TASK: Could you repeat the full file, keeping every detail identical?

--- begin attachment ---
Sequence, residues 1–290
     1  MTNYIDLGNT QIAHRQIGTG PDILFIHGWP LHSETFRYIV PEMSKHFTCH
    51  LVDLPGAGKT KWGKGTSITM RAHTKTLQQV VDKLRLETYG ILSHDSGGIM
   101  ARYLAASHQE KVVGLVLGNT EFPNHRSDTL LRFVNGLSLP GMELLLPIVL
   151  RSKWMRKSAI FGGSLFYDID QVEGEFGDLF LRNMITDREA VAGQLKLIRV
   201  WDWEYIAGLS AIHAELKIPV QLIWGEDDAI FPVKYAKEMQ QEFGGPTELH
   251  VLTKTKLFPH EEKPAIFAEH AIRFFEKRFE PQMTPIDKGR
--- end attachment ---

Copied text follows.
Sequence, residues 1–290
     1  MTNYIDLGNT QIAHRQIGTG PDILFIHGWP LHSETFRYIV PEMSKHFTCH
    51  LVDLPGAGKT KWGKGTSITM RAHTKTLQQV VDKLRLETYG ILSHDSGGIM
   101  ARYLAASHQE KVVGLVLGNT EFPNHRSDTL LRFVNGLSLP GMELLLPIVL
   151  RSKWMRKSAI FGGSLFYDID QVEGEFGDLF LRNMITDREA VAGQLKLIRV
   201  WDWEYIAGLS AIHAELKIPV QLIWGEDDAI FPVKYAKEMQ QEFGGPTELH
   251  VLTKTKLFPH EEKPAIFAEH AIRFFEKRFE PQMTPIDKGR